Monday, November 16, 2015

Final Project 3: Make a Place

So, now we're going to build on what's been going on so far. You now have a solid overview of the 3D modeling process:
  1. Modeling
  2. UV Mapping
  3. Materials/Textures
  4. Lighting
  5. Rendering
As importantly, you have developed an overview of creating an effective image:
  1. Establish a camera to create your shot.
  2. Think foreground, mid-ground, background
  3. Contrast in scale.
  4. Use light and shadow to break up your scene and create points of interest.
  5. Tell a story. How is the viewer meant to "move" through the space.
  6. Use compositing/post-production to "cheat" and create the best image you can.
  7. Interior/exterior and visual hierarchy. How can you move our eye through the scene?
Our final is Monday, December 7 at 8:00!!

What's due?
You will present a .pdf of your project. It should include
  1. Reference material you used to develop your place.
  2. A one paragraph written narrative of your scene. What is it? Where is it? Why is it? What's the story?
  3. In-progress shots and narrative of your process - can include screen caps, test renders, etc.
  4. Final shots of your place - at least 5. These should be final quality renders, that is, they should be finished off in photoshop (color-corrected, composited) and include shadows and ambient occlusion passes.

Monday, October 19, 2015

Project 2A: Interior with Texture & Lighting

I. Project Overview

Using your newfound skills, model an interior scene. This time, we'll be adding the power of textures, lighting, and compositing to create a complete render. Note: Project 1 & 2 are both due on Monday, November 9. See revised due dates for details.

Here's the basic construction order:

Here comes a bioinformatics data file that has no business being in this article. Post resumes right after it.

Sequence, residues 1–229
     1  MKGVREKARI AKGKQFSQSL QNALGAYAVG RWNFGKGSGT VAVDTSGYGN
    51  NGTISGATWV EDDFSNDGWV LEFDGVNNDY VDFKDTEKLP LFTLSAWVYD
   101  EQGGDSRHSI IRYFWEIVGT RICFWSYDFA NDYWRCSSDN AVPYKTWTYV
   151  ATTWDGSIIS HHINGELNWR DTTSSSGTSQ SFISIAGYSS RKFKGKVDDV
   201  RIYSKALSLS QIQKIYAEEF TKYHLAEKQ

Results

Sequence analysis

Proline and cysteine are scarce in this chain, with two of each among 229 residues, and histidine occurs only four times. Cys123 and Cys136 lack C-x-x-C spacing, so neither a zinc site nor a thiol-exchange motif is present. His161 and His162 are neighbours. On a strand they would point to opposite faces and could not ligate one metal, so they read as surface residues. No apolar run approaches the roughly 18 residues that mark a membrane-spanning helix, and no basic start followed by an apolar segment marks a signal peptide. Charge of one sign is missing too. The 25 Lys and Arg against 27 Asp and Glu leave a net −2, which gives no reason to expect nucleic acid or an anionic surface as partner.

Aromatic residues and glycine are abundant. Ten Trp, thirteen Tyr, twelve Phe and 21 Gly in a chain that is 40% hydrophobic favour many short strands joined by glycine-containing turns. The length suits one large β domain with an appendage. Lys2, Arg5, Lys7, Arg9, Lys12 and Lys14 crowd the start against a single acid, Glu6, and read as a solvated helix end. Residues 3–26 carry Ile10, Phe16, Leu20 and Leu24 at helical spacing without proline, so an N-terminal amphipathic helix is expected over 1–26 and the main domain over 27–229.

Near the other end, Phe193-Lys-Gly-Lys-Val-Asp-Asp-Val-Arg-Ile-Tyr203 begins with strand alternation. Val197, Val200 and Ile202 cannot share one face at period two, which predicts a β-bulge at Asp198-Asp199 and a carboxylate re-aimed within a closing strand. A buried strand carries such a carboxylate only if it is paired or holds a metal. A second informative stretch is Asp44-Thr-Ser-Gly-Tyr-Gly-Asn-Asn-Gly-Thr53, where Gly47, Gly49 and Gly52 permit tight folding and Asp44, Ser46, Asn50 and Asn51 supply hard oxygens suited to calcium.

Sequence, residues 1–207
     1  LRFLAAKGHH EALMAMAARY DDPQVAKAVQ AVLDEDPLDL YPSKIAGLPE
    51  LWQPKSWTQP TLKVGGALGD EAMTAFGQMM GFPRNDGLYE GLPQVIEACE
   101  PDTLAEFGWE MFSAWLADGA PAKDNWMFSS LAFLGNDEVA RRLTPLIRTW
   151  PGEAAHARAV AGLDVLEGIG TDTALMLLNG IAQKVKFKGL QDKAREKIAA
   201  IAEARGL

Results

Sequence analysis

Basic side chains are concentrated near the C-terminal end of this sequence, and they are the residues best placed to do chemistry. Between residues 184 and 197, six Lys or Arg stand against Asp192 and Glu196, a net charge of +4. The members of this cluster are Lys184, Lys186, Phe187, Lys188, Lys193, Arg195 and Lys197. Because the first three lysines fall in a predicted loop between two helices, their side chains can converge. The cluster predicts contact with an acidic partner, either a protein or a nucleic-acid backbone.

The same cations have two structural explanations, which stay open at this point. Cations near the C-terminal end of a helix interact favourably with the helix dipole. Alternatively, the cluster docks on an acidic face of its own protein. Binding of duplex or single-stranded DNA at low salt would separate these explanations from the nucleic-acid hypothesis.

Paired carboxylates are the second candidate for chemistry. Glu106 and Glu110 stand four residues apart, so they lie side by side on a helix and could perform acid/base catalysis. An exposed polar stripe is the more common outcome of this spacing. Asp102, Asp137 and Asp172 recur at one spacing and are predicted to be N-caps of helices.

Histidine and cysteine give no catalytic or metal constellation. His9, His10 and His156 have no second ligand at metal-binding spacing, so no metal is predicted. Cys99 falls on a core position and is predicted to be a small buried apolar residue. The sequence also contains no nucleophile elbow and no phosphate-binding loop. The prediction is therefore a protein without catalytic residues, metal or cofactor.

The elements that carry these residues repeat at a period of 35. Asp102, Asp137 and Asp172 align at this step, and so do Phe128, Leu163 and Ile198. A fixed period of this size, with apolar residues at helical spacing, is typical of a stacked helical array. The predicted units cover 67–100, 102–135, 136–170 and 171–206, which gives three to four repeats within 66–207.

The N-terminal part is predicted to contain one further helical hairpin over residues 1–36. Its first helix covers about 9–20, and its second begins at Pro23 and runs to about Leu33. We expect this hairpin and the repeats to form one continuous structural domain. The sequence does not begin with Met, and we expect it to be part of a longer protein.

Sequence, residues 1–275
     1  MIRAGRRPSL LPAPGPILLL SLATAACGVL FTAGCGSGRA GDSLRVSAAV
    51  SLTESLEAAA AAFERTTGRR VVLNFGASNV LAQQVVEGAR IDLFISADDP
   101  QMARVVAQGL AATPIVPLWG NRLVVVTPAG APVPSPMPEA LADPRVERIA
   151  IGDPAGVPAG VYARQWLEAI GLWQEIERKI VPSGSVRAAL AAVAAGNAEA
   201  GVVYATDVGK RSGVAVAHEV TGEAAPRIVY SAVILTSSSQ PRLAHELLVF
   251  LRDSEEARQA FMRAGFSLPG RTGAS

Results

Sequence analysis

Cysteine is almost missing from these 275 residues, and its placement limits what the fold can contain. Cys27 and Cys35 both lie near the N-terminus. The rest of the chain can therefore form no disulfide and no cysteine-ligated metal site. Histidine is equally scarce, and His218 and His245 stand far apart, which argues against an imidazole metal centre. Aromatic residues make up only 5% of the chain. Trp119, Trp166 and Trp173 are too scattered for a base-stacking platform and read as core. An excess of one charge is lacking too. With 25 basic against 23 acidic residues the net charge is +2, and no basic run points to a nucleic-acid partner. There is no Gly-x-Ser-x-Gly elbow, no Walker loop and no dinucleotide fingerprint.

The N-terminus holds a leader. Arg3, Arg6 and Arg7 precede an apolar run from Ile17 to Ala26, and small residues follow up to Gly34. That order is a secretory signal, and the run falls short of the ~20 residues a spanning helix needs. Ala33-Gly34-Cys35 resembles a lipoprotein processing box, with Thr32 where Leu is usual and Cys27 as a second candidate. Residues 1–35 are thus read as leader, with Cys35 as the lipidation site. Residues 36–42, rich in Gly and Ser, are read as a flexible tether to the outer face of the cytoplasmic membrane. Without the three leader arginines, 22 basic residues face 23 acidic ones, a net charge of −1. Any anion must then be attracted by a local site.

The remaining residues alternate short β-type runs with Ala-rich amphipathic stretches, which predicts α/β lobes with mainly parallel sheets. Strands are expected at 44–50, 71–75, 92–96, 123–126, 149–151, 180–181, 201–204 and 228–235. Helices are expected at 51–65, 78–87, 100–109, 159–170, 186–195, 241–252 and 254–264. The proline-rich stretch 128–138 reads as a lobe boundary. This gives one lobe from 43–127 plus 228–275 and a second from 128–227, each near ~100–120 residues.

1. Model - get the geometry set before you UV map. Changes in geometry will affect the UVs.
2. UV Map - prepare a UV map for each object so you can apply textures.
3. Surfacing - create Materials for your objects with 2D texture maps and material attributes.
4. Lighting - use a combination of lighting types and techniques to flesh out the scene.
5. Render - set resolution and use render layers to generate a bitmap(s) of your shot.
6. Post-Production - Composite, color-correct, and cheat to create your final shot.

Here're a few texture maps to get you started - click 'em to enlarge and download the high res versions. Put 'em in your project folder in the sourceimages folder.

II. Technique: Materials, UV Mapping, Texture Maps

1. Intro to Maya Materials

2. Intro to Maya UV Mapping and Texture Making

3. UV Editing Techniques: Split, Move, Sew, UV Shells

III. Example 1: UV Mapping and Texturing a Model

1. Concept and template drawn in PhotoShoppe (note proportions are different in final model):

2. Modeling in progress:
3. Wireframe finished:
4. UV mapping and textures:
5. Grind Date:

IV Example 2: Model, Texture, and Composite

 Reference Shot



3D shot with alpha channel
2D image in PhotoShoppe
Final composite image

Tuesday, October 6, 2015

Project 1B: BlockVille Buildup

Okay, we're getting into component modeling now. Verts, edges, and faces are your new companions. Your project for Wednesday, October 14  is to build out some of your scene objects in Blockville using component modeling to create some more detailed, cool elements to give your scene 6000% more bad-assery. Demonstrate this increase with three more scene renders posted to the blog. Remember, be deliberate in your choice of what to model so you get maximum visual impact out of your efforts. Do appropriate VISUAL RESEARCH and post it. I don't know much, but I do know that  you (yes, you) do not yet have a fully detailed architecture library floating about in your head.